PolitiFact | Tom Coburn says government is twice the size it was a decade ago: "On the July 24, 2011, edition of NBC’s Meet the Press, Sen. Tom Coburn, R-Okla., sought to give some perspective on the size of federal spending -- a central factor in the current debate over raising the debt ceiling.
Addressing host David Gregory, Coburn said, 'David, everybody's talking about the symptoms of our problem instead of the real disease. The government's twice the size it was 10 years ago. It's 30 percent bigger than it was when (Barack) Obama became president. The problem is that we're spending way too much money, and it's not hard to cut it without hurting entitlement benefits. But we don't have anybody that wants to do that without getting a tax increase.'
We wondered whether Coburn was right that the size of government has doubled over the past 10 years...
... doubling the 2001 outlays over 10 years would have meant a 2011 figure of $3.72 trillion. Since the actual figure is higher than that, Coburn is right that the cost of government has doubled over the past decade.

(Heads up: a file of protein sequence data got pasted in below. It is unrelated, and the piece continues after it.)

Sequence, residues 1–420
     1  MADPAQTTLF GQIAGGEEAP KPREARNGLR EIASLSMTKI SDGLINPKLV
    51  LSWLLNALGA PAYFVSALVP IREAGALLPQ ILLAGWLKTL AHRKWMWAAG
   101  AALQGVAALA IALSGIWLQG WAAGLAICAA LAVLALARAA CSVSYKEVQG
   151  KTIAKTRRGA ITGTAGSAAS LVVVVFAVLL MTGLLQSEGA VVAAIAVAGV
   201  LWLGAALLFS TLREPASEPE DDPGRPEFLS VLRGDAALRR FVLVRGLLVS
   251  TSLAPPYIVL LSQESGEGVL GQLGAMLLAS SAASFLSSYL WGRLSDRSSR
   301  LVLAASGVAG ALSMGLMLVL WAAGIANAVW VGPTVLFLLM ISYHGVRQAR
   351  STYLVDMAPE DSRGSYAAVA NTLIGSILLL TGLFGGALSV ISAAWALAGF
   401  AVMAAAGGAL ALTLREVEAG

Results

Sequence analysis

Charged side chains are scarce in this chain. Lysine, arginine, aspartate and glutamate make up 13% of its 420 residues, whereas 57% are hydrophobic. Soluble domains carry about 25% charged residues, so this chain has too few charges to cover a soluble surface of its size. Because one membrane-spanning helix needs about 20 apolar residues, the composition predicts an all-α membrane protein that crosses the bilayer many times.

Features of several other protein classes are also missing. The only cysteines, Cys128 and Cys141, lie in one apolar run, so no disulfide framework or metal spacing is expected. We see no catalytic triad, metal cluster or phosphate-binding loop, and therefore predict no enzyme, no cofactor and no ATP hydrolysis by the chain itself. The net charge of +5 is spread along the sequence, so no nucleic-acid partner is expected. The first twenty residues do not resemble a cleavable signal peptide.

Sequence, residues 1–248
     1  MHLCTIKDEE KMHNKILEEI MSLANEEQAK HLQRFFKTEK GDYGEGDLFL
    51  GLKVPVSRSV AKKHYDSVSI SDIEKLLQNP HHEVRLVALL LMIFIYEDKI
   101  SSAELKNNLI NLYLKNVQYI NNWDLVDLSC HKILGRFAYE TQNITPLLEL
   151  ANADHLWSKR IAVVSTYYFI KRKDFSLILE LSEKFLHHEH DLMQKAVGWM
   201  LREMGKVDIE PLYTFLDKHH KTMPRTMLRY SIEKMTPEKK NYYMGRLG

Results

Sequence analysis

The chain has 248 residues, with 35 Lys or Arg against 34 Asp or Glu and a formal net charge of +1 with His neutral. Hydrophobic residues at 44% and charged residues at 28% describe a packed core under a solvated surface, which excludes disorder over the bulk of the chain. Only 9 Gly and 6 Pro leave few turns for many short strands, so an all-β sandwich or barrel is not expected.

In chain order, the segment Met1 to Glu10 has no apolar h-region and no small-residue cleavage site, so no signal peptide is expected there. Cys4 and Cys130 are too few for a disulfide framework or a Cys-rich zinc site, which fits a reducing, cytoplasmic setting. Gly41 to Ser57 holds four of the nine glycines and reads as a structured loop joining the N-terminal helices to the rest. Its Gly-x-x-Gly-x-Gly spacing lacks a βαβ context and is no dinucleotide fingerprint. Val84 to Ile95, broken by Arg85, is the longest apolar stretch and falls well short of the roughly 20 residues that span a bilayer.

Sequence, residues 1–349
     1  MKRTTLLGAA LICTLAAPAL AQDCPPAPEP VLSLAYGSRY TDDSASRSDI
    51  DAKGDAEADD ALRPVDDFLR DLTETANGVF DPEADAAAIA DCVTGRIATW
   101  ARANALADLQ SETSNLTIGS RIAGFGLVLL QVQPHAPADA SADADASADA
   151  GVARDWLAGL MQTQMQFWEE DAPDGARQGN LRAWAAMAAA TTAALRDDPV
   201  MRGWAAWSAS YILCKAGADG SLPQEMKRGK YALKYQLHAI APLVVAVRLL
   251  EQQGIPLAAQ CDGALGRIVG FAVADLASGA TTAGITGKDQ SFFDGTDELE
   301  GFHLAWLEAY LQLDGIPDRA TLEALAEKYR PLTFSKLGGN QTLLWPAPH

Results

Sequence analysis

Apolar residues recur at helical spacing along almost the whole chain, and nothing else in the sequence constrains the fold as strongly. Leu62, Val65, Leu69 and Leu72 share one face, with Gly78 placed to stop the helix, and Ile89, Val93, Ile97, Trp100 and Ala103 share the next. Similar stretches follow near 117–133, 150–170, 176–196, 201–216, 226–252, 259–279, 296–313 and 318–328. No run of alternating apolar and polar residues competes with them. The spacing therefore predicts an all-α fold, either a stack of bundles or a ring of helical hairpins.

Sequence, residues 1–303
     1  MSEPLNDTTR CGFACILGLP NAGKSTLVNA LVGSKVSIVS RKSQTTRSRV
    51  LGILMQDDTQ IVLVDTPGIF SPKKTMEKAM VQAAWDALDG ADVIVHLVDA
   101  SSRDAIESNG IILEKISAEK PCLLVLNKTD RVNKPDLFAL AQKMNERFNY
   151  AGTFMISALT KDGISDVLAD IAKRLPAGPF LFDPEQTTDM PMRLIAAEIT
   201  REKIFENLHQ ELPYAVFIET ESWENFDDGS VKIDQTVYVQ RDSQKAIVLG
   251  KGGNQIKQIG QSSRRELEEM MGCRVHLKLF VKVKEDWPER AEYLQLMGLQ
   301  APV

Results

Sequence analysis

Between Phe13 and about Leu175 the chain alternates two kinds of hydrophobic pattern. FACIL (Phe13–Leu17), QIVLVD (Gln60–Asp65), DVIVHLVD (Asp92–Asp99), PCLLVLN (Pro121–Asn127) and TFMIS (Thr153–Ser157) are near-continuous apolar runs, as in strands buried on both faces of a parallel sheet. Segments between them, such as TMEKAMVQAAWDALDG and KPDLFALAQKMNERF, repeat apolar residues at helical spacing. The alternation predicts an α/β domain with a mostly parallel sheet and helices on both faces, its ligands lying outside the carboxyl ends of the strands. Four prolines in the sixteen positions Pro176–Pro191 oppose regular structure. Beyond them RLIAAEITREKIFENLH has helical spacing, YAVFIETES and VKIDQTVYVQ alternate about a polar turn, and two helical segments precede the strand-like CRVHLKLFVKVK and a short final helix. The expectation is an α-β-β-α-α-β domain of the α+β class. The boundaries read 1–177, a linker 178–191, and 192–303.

What about Coburn’s second claim, that government expenditures are 30 percent bigger than they were when Obama became president?
For this one, it depends when you start the clock.
If you use fiscal 2008 as the baseline -- which we confirmed with Coburn’s staff was his intention -- then the comparison is just about right. Federal outlays increased by 28 percent between fiscal 2008 and fiscal 2011, which is just below the 30 percent Coburn cited...
... We also considered whether Coburn intended to blame Obama for this spending increase. This was a tough call. Re-reading his claim, we don’t feel that his use of the inauguration of a new president as the cutoff point necessarily invokes blame. The entirety of Coburn’s comment encompasses government growth over a 10-year period, most of which was clearly under a Republican president, George W. Bush, and not Obama. And the inauguration of a new president is a pretty natural dividing line for making mathematical comparisons.
'No one has a more consistent record of being a nonpartisan critic of spending than Coburn," said Coburn’s communications director, John Hart. "He has been criticizing Republican and Democratic spending for many years.'
We agree with this assessment, so we’ll give Coburn the benefit of the doubt on whether he intended to place the blame for government growth on Obama.
So what's the bottom line? Coburn is entirely right about federal outlays doubling over 10 years. And if you use one of two plausible measures, he’s right on the growth since Obama took office. But using another plausible measure, the growth of government under Obama was smaller. On balance, we rate Coburn’s statement Mostly True."